In contrast to the ongoing market challenges facing global fast-moving consumer goods (FMCG) manufacturers and retailers, consumers are in better spirits than they were at the end of 2016. In fact, global consumer confidence has risen three index points since the close of last year.
Unless you’ve been hiding under a rock for the last couple of years, you’re seeing the FMCG industry transform right in front of our eyes. That’s scary, but equally exciting. So here are three things big FMCG marketers need to do to win as the industry evolves.
Has the traditional planning process become obsolete? Many signs within the industry point to “yes.” So in order to succeed today, companies need to move to a new form of adaptive planning that is responsive to continuous market change.
Your kid tore his favorite pair of jeans and you need to know if your local store will be open after work so you can pick up a replacement pair. If only you had a personal shopper who could find out what time the store closes.
FMCG success today is now dependent on quality product images, solid SEO and prominent placement on e-tailer websites—far more so than simply having an abundant quantity or variety on the shelf at the local store.
While unexpected by many, the Amazon-Whole Foods linkage highlights just how profoundly consumer expectations are changing with regard to food and beverage shopping—and will continue to do so moving forward.
Unbeknownst to most consumers, tremendous thought goes into developing even the most commonplace products. As a result, product development in the FMCG industry is anything but fast-moving. But what if algorithms could help streamline the process and the outcomes?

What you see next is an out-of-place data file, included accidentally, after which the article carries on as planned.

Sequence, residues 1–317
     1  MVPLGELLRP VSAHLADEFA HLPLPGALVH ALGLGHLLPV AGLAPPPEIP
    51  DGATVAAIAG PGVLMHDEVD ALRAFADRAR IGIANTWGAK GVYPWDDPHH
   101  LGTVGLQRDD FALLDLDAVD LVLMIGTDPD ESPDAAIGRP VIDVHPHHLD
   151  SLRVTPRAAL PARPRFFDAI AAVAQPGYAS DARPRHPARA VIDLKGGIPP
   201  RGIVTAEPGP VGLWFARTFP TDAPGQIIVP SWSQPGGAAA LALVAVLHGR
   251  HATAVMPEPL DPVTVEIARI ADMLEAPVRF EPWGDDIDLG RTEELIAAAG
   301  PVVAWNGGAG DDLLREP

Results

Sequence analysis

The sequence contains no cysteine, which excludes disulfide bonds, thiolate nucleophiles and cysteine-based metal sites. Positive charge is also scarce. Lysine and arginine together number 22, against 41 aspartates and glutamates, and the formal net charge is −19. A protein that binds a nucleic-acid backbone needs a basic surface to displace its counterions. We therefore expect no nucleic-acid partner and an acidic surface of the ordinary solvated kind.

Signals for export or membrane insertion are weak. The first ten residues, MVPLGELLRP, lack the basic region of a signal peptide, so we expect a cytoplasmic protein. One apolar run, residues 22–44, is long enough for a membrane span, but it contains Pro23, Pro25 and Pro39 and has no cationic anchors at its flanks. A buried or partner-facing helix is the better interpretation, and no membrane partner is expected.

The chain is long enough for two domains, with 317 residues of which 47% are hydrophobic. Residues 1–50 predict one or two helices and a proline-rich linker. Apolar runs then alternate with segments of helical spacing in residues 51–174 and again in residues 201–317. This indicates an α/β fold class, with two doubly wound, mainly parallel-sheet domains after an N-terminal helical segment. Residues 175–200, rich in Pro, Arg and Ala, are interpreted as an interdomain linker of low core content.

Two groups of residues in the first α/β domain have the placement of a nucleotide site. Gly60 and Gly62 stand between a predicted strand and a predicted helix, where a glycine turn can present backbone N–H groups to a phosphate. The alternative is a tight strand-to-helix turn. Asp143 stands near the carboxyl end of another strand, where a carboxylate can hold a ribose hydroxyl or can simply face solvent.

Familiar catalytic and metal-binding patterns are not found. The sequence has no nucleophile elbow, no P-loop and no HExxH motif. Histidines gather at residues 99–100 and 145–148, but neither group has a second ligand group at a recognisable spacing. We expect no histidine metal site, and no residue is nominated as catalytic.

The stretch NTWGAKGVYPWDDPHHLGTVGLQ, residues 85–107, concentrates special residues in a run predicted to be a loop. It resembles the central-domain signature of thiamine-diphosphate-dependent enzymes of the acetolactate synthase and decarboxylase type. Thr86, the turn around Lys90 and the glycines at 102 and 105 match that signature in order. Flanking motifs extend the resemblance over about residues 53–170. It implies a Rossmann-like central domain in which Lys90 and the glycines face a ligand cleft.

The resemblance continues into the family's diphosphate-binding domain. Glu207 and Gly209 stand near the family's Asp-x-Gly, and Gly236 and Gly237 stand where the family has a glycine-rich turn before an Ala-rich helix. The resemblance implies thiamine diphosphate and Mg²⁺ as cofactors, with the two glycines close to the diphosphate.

Global sports are thriving, but media consumption is changing before our eyes. And as the media world grapples with these issues, so too must the sports industry. But these challenges aren’t the only obstacles facing the sports realm.
Measuring an ad’s ability to communicate trust is a tricky business: perceptions of trust can be non-conscious, formed almost immediately and biased by subtle factors. Given these nuances, explicit research methods aren’t sufficient.
93% of Canadians listen to music, up from 89% a year ago. This rise may be explained by the continuing move toward mobile consumption—over half the Canadian population are now listening to music via smartphone in a typical week. Listening on tablet devices has also increased, and is up to 30% for the general population.
As retailers ramp up their health and wellness offerings, and the lines between channels blurs, it’s interesting to think about the role that drug stores will play in an increasingly crowded, wellness-oriented marketplace.
If music were a brand in Canada, it would be flying high—living on cloud nine. That’s because despite the wealth of new technology and media constantly being unveiled to tempt and engage consumers, music consumption is rising.
It’s no surprise that more and more items are being outfitted with built-in connectivity. Consumers’ adoption of internet-enabled devices isn’t a given, however, and it’s worth exploring why acceptance has been so fragmented across categories—as well as what the industry can do to accelerate usage.